FOR FURTHER INFORMATION CONTACT:
Keeley Kent, 907-586-7228.End Further Info End Preamble Start Supplemental Information
NMFS manages the king and Tanner crab fisheries in the U.S. exclusive economic zone of the Bering Sea and Aleutian Islands (BSAI) under the Fishery Management Plan for Bering Sea/Aleutian Islands King and Tanner Crabs (Crab FMP). The North Pacific Fishery Management Council (Council) prepared, and NMFS approved, the Crab FMP under the authority of the Magnuson-Stevens Fishery Conservation and Management Act (Magnuson-Stevens Act), 16 U.S.C. 1801 et seq. Regulations governing U.S. Start Printed Page 65616fisheries and implementing the Crab FMP appear at 50 CFR parts 600 and 680.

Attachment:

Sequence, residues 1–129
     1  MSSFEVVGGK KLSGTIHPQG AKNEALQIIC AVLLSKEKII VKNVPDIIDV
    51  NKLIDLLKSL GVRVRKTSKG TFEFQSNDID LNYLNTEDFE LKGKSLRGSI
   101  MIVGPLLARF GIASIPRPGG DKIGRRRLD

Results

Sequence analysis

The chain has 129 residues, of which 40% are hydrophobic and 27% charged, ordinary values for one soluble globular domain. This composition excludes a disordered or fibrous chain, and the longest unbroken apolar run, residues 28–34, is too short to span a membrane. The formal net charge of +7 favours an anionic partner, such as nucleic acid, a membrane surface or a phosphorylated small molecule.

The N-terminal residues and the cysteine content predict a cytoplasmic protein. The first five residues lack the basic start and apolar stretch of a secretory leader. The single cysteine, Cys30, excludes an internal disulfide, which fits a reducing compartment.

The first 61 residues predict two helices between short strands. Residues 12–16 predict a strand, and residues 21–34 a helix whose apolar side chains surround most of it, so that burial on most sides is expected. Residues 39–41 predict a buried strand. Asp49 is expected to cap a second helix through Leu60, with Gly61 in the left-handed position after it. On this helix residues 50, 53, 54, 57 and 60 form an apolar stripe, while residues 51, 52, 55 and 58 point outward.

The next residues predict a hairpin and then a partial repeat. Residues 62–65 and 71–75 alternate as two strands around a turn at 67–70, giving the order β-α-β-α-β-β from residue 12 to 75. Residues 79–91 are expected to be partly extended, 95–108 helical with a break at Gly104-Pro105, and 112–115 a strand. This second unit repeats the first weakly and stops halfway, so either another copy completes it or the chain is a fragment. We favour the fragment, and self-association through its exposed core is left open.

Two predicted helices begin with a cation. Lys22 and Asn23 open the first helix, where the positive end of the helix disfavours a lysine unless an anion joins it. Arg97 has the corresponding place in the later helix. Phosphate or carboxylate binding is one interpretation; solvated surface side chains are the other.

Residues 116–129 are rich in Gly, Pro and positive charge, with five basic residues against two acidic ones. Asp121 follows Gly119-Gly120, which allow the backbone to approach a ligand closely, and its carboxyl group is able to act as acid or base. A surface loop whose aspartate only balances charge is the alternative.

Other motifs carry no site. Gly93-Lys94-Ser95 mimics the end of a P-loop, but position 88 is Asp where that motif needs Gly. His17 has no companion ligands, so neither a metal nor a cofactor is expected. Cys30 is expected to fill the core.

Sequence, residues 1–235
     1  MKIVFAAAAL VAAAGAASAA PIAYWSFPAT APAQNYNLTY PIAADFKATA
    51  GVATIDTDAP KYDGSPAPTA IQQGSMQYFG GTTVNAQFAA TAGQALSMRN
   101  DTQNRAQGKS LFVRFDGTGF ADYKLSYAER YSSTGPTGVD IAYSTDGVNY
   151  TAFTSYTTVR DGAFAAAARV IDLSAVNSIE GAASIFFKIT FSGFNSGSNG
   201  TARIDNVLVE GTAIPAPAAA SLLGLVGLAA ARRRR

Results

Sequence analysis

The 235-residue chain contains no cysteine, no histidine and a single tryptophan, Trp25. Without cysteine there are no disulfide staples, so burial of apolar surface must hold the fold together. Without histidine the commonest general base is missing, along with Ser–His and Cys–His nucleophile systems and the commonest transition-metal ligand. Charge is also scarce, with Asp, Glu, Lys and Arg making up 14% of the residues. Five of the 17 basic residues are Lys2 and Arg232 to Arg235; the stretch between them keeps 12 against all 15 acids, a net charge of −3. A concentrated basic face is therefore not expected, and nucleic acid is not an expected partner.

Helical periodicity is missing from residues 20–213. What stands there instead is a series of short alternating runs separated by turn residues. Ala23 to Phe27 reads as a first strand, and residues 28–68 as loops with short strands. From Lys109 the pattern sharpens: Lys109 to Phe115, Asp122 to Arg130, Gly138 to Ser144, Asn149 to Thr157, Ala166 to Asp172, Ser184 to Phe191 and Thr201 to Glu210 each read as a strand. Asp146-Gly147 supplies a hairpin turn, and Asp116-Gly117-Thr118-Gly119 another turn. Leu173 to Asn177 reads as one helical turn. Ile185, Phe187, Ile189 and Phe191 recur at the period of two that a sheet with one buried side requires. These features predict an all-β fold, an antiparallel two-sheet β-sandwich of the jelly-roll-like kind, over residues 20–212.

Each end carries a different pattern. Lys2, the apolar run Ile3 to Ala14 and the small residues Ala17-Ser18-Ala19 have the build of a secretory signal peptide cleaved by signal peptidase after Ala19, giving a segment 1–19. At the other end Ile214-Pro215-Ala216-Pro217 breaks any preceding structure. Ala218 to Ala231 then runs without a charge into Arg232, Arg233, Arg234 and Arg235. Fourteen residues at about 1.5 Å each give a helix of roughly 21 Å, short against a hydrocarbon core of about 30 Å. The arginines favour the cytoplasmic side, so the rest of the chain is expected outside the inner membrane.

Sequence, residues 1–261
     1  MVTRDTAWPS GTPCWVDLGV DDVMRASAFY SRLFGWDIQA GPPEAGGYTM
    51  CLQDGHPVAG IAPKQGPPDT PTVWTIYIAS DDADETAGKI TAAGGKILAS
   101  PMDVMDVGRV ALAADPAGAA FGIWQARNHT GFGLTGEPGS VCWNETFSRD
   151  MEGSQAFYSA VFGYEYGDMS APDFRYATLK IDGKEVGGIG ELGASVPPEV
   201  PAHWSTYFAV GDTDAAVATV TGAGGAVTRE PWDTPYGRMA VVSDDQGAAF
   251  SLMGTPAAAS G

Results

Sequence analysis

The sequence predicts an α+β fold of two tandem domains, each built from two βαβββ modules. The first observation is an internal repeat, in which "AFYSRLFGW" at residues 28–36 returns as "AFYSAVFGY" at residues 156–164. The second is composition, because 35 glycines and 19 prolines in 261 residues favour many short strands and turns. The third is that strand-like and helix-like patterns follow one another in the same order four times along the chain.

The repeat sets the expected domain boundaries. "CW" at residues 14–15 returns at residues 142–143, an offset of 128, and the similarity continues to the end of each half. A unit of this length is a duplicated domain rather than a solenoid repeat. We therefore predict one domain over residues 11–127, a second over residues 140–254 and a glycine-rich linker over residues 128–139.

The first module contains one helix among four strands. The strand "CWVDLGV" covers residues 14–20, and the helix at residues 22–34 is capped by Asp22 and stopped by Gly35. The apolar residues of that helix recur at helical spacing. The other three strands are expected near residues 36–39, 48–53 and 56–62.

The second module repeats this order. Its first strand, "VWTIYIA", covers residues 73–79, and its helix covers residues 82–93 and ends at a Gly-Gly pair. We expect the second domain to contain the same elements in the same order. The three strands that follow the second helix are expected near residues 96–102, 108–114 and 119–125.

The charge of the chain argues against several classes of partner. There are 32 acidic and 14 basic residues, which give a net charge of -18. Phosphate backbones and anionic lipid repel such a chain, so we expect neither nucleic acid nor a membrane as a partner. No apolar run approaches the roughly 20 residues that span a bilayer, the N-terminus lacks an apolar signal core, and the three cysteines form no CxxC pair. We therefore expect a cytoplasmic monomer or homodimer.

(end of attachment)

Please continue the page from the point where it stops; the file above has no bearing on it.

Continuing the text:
A notice of availability for Amendment 47 was published in the Federal Register on September 13, 2016; 81 FR 62850. Comment on Amendment 47 is invited through November 14, 2016. All relevant written comments received by the end of the comment period, whether specifically directed to the FMP amendment, this proposed rule, or both, will be considered in the approval/disapproval decision for Amendment 47 and addressed in the response to comments in the final rule.
This proposed rule would modify regulations that specify how IPQ use caps apply to IPQ issued for EBT and WBT crab fisheries. The following sections describe (1) the BSAI crab fisheries under the Crab Rationalization Program (Program), (2) IPQ use caps and custom processing arrangements, (3) IPQ use caps applicable to the EBT and WBT crab fisheries, and (4) this proposed rule and the anticipated effects of the action.
The BSAI Crab Fisheries Under the Program